“You have to eat good food,” says Zeratsky. “You have to eat your fruits, and you have to eat your vegetables. That promotes a healthy environment so you can have a set up to have a healthy gut and maintain a healthy gut. First things first.”

What are probiotics?

Let’s back it up for a second. What even are probiotics, anyway?

“Probiotics are bacteria that are sometimes naturally found in food that people might take with the intent that they may change their gut microflora, the bacteria that are present and living in their digestive tract,” says Zeratsky.

Believe it or not, our entire digestive tract is home to trillions of healthy bacteria, fungi, parasites, and viruses. Yes, they are supposed to be there, and we wouldn’t survive without them. We call this colony our microbiome.

Our microbiome consists of mostly healthy microorganisms, but can house some harmful ones. The healthy organisms assist in food breakdown, and even fight to protect us from the harmful ones that can make us sick.

So how do we ensure we have more healthy bacteria than bad?

Probiotics foods add healthy, living microorganisms to your microbiome. Fermented foods, such as kimchi, sauerkraut, kombucha, and yogurt, are packed with these healthy bacteria and can help improve the overall health of your microbiome.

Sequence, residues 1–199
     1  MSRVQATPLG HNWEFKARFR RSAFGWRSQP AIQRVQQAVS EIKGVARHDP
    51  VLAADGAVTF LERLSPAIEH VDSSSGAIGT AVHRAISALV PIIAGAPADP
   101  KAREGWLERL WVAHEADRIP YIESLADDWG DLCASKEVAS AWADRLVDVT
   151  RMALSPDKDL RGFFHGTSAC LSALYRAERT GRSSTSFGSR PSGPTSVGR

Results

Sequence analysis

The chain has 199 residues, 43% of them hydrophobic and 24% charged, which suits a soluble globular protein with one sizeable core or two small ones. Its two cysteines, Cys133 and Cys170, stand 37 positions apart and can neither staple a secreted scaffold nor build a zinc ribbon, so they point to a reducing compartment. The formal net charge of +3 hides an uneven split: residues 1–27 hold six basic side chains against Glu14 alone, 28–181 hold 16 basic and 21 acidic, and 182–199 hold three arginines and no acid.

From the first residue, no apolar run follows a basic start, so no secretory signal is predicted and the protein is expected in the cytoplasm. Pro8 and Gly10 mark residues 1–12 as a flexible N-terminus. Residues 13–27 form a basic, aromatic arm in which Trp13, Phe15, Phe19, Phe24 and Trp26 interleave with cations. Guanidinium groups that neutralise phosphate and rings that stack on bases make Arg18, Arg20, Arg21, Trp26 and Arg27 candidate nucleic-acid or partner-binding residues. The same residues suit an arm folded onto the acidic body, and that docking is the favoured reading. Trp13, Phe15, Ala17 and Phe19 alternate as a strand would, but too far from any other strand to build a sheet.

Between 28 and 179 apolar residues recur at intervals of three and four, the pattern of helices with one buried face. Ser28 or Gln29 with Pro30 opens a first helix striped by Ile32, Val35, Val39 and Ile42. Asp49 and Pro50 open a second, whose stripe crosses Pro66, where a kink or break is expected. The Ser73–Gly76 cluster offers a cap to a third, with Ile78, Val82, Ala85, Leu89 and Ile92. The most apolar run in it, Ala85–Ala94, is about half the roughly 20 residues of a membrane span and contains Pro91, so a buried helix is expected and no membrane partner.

But if you don’t get enough of probiotic-rich foods in your diet, probiotics supplements stuff billions of these little bacteria into a pill form.

When should you take probiotic supplements?

A doctor might recommend a probiotic supplement if you’re having digestive problems, such as constipation, diarrhea, or bloating. A study in the American Journal of Gastroenterology found that many with irritable bowel syndrome have seen great relief with these supplements.

These supplements may also be recommended by a doctor when you’re on antibiotics. Antibiotics are used to treat everything from strep throat to urinary tract infections by killing the bad bacteria that causes illness. However, sometimes the differentiation between the good and the bad bacteria is not so easy, and the ‘good’ gets taken out with the bad. By taking a probiotic supplement during this time, you ensure a new supply of good bacteria, keeping the microbiome in balance.

This article originally appeared on Men’s Health US.